The cleaning team at 20 Mule Team recommends the following method for cleaning drink spills, removing pet stains, and neutralizing odors. First, blot wet spills with a clean cloth. Spray the spot with ice water and sprinkle on borax powder. Blot the stain with a white cloth until the stain is gone. Or simply pat borax into the water-moistened area, let it dry in place, and vacuum it up once the area has dried.
Greasy and oily stains on carpet can be removed with strategically applied sprinkles of baking soda. Let the baking soda sit for at least six hours, then vacuum. Remove any residue with a wet cloth moistened with rubbing alcohol.
Tannin stains left by spilled tea, coffee, cola drinks, fruit juice, wine, and washable ink can be banished with a solution that you can blend as needed. Melissa Maker, author of Clean My Space: The Secret to Cleaning Better, Faster and Loving Your Home Every Day, says to mix 2 tablespoons hydrogen peroxide with 1 tablespoon dish soap. After blotting up the spill, apply the solution to the stained area. Let it sit for a few seconds before gently working it in with your fingers. Rinse the area with water, blot, and repeat until the stains and residue are gone. "Whip up this simple stain pretreater as you need it," Maker says. "Hydrogen peroxide loses its effectiveness as it gets exposed to light (hence, the brown bottle), so making a little bit as needed is the best and most cost-effective way to go."
Make a paste of 1/4 cup table salt, 1/4 cup white vinegar, and 1/4 cup borax powder to remove protein-based stains, such as blood, bodily fluids, dairy products, baby formula, baby food, and eggs, Maker says. Apply the paste to the stained area and let it dry for 24 hours before vacuuming. In addition to removing the stains, the mix kills bacteria and acts as a deodorizer. Once the area has been vacuumed, clean with water to remove residue and blot well with a clean, dry cloth.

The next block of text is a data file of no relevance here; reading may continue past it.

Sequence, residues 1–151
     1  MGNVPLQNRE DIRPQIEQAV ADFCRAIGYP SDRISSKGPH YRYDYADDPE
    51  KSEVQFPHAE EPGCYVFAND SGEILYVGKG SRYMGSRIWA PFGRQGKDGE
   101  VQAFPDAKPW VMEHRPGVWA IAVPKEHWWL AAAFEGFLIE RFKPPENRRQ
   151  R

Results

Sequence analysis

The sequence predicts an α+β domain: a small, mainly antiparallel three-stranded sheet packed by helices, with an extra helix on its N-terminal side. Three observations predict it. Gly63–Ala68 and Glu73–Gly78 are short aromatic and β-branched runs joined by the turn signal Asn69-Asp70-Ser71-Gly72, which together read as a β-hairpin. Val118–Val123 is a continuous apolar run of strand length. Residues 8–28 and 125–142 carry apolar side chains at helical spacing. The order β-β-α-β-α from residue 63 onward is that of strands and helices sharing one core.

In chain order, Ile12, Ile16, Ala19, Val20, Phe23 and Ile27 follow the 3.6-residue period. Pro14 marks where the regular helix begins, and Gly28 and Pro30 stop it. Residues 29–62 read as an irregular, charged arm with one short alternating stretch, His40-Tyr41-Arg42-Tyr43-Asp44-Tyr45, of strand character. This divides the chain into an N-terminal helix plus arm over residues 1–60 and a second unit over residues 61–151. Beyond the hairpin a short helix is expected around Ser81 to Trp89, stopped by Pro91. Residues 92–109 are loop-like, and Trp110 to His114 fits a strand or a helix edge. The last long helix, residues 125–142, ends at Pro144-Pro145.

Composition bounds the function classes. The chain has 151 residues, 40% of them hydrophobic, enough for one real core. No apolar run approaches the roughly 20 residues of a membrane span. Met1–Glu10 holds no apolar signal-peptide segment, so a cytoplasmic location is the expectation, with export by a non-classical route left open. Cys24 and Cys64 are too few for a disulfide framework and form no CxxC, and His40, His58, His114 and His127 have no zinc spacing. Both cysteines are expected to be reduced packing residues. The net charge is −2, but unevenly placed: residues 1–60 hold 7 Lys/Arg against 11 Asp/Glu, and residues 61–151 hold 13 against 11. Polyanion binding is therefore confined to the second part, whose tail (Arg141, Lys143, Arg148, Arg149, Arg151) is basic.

Blend one part distilled white vinegar with two parts water in a spray bottle. Use the spray to remove pet urine and rust stains. After absorbing any moisture with a clean white cloth, lightly spray the stained area with the vinegar mixture. Blot with a white cloth until the stain is gone.
Grab a spray bottle filled with hydrogen peroxide and a steam iron to remove older wine, blood, and urine stains, says Kuper, who learned this natural stain-removal trick from a professional carpet cleaner. Spray hydrogen peroxide onto stains, then cover with a damp white towel. Place a steam iron set on the lowest setting atop the towel (make sure it doesn't touch the carpet). Take care not to inhale the steam. Iron the towel for 10 to 15 seconds. Check the back of the towel; you should see some transfer of the stain from the carpet to the towel. Repeat until all or almost all of the stain has disappeared. Lightly spray the stain again with hydrogen peroxide. Place a clean dry towel on the area and weight it with something heavy like a skillet. Allow to dry overnight.
Treat oily stains with rubbing alcohol or vodka—both will break down oils and grease, Reichert says. Fill a spray bottle with rubbing alcohol or vodka and spray the stained area. Let the remover sit for a few minutes, then gently rub a bar of natural soap into the stain. Blot the area with a damp white cloth until the soap is gone. Let area dry; repeat blotting until the stain is removed. Blot with water-damp towel to remove soapy residue.
Zach Voog of goclean.com shares this overall carpet-shampooing method (from the company's original owner, Mary Findley) that naturally keeps freshly cleaned carpets stain-free longer. Commercial carpet shampoos leave sticky residues that grab incoming dirt to create dirty globs that can't be removed with a vacuum. Avoid this problem by filling your carpet cleaner with a mixture of 1/2 cup white vinegar to 1 gallon hot water. The vinegar will reactivate the shampoo in the carpet; the carpet cleaner will extract the shampoo and dirt. Finish the job by filling your carpet cleaner with plain water to remove remaining vinegar—your carpet will be squeaky clean, soft, deodorized, and renewed.